4. Marco Francesconi, 2002. "A Joint Dynamic Model of Fertility and Work of Married Women," Journal of Labor Economics, University of Chicago Press, vol. 20(2), pages 336-380, Part.
    5. Kahn, Shulamit & Lang, Kevin, 1991. "The Effect of Hours Constraints on Labor Supply Estimates," The Review of Economics and Statistics, MIT Press, vol. 73(4), pages 605-611, November.
    6. Lundberg, Shelly J, 1985. "Tied Wage-Hours Offers and the Endogeneity of Wages," The Review of Economics and Statistics, MIT Press, vol. 67(3), pages 405-410, August.
    7. Audrey Light & Kathleen McGarry, 1998. "Job Change Patterns And The Wages Of Young Men," The Review of Economics and Statistics, MIT Press, vol. 80(2), pages 276-286, May.
    8. Blank, Rebecca M, 1989. "The Role of Part-Time Work in Women's Labor Market Choices over Time," American Economic Review, American Economic Association, vol. 79(2), pages 295-299, May.
    9. Biddle, Jeff E & Zarkin, Gary A, 1989. "Choice among Wage-Hours Packages: An Empirical Investigation of Male Labor Supply," Journal of Labor Economics, University of Chicago Press, vol. 7(4), pages 415-437, October.
    10. Rosen, Sherwin, 1987. "The theory of equalizing differences," Handbook of Labor Economics,in: O. Ashenfelter & R. Layard (ed.), Handbook of Labor Economics, edition 1, volume 1, chapter 12, pages 641-692 Elsevier.
    11. Rosen, Harvey S, 1976. "Taxes in a Labor Supply Model with Joint Wage-Hours Determination," Econometrica, Econometric Society, vol. 44(3), pages 485-507, May.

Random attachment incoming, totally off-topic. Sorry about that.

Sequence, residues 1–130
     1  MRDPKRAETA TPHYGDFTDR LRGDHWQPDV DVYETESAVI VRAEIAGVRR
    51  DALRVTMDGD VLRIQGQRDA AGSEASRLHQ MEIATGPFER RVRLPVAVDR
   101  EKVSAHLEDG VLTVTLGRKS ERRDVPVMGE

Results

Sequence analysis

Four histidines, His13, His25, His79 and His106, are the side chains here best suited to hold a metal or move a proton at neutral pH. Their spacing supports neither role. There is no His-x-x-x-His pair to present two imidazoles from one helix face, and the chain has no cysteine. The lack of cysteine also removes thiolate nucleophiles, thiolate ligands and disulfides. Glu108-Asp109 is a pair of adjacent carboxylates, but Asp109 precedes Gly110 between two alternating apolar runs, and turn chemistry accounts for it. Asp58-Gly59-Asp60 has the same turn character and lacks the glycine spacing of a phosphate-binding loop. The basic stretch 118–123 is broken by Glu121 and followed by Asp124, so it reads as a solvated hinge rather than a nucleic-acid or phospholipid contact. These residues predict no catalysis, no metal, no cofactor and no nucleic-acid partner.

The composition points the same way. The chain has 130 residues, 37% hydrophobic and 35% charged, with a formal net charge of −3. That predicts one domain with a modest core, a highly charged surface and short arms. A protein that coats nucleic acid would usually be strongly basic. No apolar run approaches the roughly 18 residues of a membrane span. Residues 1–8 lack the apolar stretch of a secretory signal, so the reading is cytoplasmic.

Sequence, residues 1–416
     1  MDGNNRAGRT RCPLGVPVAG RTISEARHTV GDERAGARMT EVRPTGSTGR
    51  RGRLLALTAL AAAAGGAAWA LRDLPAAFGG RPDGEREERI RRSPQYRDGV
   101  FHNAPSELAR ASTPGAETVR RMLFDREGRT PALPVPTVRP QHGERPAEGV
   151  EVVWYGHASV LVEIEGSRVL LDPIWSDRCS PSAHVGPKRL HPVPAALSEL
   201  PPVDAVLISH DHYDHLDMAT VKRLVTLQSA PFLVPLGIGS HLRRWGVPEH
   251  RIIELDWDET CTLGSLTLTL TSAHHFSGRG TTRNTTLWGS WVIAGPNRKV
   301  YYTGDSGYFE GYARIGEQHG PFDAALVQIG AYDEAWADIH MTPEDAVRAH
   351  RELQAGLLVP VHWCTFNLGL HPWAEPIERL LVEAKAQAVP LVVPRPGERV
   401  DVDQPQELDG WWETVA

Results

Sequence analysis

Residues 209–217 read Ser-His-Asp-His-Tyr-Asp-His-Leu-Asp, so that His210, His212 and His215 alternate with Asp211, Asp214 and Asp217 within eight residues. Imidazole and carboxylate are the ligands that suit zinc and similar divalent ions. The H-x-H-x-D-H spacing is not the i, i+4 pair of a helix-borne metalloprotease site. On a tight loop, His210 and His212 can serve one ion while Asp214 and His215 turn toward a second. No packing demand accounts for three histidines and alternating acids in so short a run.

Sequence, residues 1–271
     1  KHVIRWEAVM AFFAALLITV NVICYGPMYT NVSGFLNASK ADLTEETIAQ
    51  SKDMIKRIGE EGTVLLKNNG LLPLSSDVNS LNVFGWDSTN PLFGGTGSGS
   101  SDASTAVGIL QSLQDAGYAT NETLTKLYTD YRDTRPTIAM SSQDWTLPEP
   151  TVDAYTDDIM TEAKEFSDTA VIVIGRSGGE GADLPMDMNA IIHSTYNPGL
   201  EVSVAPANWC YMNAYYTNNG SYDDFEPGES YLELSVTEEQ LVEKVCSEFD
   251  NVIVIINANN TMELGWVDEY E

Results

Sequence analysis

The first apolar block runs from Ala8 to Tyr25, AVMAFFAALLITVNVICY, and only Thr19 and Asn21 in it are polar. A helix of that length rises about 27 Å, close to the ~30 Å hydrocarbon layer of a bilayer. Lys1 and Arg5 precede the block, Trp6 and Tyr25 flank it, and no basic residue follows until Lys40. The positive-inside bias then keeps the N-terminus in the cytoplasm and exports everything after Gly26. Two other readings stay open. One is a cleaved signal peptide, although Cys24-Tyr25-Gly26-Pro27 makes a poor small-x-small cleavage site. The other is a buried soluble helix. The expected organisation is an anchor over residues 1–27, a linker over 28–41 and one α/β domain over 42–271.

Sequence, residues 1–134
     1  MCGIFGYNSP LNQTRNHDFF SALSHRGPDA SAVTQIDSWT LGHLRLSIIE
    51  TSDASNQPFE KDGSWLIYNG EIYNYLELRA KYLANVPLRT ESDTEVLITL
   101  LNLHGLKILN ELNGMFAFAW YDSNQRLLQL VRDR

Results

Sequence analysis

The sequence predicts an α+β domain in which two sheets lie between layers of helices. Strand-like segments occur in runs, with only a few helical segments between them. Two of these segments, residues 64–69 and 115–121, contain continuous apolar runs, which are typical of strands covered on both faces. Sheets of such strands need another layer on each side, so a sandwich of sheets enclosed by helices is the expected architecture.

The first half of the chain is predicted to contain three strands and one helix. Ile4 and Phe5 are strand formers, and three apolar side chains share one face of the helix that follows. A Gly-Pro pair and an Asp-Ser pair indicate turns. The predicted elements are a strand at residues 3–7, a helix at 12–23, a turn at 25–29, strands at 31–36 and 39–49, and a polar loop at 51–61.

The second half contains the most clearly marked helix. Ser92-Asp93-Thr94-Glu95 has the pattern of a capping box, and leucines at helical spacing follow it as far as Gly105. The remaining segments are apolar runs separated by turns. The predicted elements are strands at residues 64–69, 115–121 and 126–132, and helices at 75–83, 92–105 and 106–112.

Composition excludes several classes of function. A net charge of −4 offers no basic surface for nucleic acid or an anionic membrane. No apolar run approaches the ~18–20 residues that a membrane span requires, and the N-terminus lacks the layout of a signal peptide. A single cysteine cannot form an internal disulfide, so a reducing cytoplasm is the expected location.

12. Yoram Barzel, 1973. "The Determination of Daily Hours and Wages," The Quarterly Journal of Economics, Oxford University Press, vol. 87(2), pages 220-238.
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    Cited by:

    1. Robert Breunig & Xiaodong Gong & Gordon Leslie, 2015. "The Dynamics of Satisfaction with Working Hours in Australia: The Usefulness of Panel Data in Evaluating the Case for Policy Intervention," Asia and the Pacific Policy Studies, Wiley Blackwell, vol. 2(1), pages 130-154, January.
    2. Cyrus Farsian, 2011. "The Fallacy of Composition Bias in the RealWage Cyclicality Puzzle," Studies in Economics 1116, School of Economics, University of Kent.

    More about this item

    Keywords

    Job mobility; Hours constraints; Labour supply preferences; Hours-wage trade-off; Part-time employment.;

    JEL classification:

    • C23 - Mathematical and Quantitative Methods - - Single Equation Models; Single Variables - - - Models with Panel Data; Spatio-temporal Models
    • H31 - Public Economics - - Fiscal Policies and Behavior of Economic Agents - - - Household
    • I38 - Health, Education, and Welfare - - Welfare, Well-Being, and Poverty - - - Government Programs; Provision and Effects of Welfare Programs
    • J12 - Labor and Demographic Economics - - Demographic Economics - - - Marriage; Marital Dissolution; Family Structure
    • J13 - Labor and Demographic Economics - - Demographic Economics - - - Fertility; Family Planning; Child Care; Children; Youth
    • J22 - Labor and Demographic Economics - - Demand and Supply of Labor - - - Time Allocation and Labor Supply